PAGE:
My entry at this year's Bargainista Fashionista contest at Pattern Review is a copy of an Alexander McQueen dress which I love and I've already worn twice. But this dress was not what I had first planned to make for the contest. Originally, I was planning to make a copy of a Rick Owens moto jacket that mixes leather (pleather?) with knits, both thin and chunky. Isn't it awesome?
Trying to figure out how to copy it, I searched everywhere for a photo with a front view (or any other view!) of this particular jacket, but alas, I came empty handed. I did find quite a few other Rick Owens jackets like the ones below. They all have the same large and wide open collar, and the tied half belt. The half belt in particular gives a very flattering shape because it essentially becomes two long triangles placed sideways emphasizing the waist.
It is possible that the jacket I wanted to copy has the body front and back made in the thick knit and only the sleeves in pleather (+ thin knit undersleeve). I cannot really tell from the photo that I have, but it doesn't matter. In my mind's eye my copy was always going to have only the fronts in the handknit. Oh, and yes, Rick Owens works only with black and greys, but I cannot live without color, so a royal-blue/deep purple is the most I was willing to compromise.
So here is my version. Turned out OK, right? If only... but I'm getting ahead of myself.
For my copy I used Burda 11-2013-117, an asymmetric short moto-jacket with peplum.
For the handknitted fronts I had the perfect yarn in my stash. A long time ago I made a simple bolero knitted jacket with it, but it turned out too boxy and I never finished it. Plus I also didn't like the unpolished texture that resulted from the uneven thickness of the yarn. Too "imperfect" I thought. But Rick Owens' pieces always have a punkish, rough coolness to them, and so this "imperfect" yarn would be perfect for this copy.
Since the fronts would be hand knit, I didn't want to use all four pattern pieces and have seams in the knitting. So, I combined them into a single pattern and knitted that shape, making sure to use increases-decreases and shortrows as needed to shape the fronts. Hence the "bubble" you can see where the bust goes. On Ravelry I kept notes of how exactly I knit the fronts, although they are probably not useful to anyone unless they have this precise yarn and jacket size.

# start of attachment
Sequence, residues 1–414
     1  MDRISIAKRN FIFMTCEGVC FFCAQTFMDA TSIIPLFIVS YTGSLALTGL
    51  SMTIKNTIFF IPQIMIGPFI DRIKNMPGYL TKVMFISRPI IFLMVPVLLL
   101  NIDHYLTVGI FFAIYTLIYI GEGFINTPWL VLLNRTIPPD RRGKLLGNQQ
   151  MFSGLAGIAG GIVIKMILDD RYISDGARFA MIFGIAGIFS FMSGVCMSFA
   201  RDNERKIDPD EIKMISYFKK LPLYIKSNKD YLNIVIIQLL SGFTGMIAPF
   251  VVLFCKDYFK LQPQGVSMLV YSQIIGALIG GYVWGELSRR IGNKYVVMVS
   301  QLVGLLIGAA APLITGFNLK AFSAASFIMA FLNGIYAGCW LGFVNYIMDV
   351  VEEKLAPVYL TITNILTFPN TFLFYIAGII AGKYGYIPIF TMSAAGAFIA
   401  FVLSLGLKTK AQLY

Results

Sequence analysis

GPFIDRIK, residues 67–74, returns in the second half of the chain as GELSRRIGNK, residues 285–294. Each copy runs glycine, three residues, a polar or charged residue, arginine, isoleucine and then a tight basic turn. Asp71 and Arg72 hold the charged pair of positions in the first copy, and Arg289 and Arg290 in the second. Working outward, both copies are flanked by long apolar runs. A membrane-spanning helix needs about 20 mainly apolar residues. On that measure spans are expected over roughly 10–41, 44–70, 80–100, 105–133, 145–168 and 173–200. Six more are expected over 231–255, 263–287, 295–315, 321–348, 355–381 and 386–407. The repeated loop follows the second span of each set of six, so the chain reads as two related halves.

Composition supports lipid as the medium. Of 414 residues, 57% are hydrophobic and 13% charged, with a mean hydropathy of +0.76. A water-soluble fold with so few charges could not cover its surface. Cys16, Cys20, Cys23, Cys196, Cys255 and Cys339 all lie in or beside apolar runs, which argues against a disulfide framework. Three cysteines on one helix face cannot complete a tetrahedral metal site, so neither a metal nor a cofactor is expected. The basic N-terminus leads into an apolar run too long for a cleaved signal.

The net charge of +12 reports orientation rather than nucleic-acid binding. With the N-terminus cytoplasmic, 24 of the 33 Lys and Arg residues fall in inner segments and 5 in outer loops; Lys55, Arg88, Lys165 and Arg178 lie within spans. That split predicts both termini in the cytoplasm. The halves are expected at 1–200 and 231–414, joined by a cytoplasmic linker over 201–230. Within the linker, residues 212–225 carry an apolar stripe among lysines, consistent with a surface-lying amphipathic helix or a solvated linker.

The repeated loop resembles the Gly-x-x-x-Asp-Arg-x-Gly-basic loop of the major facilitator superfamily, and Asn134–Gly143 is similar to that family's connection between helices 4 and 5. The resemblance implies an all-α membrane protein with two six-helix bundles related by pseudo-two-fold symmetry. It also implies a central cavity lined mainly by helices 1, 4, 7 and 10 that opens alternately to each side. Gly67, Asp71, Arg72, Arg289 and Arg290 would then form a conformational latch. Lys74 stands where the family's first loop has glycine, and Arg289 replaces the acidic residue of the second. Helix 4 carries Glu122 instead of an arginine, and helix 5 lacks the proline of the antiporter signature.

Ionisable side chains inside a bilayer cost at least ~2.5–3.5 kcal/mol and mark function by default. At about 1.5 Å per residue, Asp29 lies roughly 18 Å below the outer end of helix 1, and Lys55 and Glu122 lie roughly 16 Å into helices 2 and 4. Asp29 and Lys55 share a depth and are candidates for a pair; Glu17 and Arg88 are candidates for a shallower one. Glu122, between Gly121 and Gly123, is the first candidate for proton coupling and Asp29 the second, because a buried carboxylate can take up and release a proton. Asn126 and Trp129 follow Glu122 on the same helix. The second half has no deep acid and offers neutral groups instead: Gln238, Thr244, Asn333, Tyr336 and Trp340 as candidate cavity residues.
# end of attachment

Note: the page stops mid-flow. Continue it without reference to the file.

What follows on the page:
For the rest of the jacket (the back, the sleeves and the half belts) I used a thin pleather in a lovely matching blue. I thought I was so lucky to find this matching pleather in my stash. "Good thing that I had saved it for the past 15 years", I thought. Yeah... and now you begin to realize where the problem comes in, don't you?
Indeed! Fake leather doesn't "keep" well. The plastic had completely dried up in those 15 years and the fabric just began to crumble every time I handled it. Ugh, the heartache! My lowest point came when I tried to convince myself that the shattered fabric added to the "punk vibe" I was going for. Sure...
So why did I finish it, since it is clearly not wearable like this? Well... On the practical side I did want to check how it would look, both the fit but also the combination of textures, and that tied closure. Now I know that I really do like it and so it will be worth trying to find a replacement fabric. On an emotional level though, I think that finishing the jacket was also my way of grieving for this fabric. And coming to terms with my fabric addiction. Sigh...
Does this kind of thing ever happen to any of you out there with large stashes? What other "surprises" can I expect after 20 years of collecting fabrics? Ah, well... I love my stash so we take the good with the bad, don't we?
I leave you with a view of all sides of the jacket, so you can see the nice shape of this pattern. And here is my review of Burda 11-2013-117 at Pattern Review.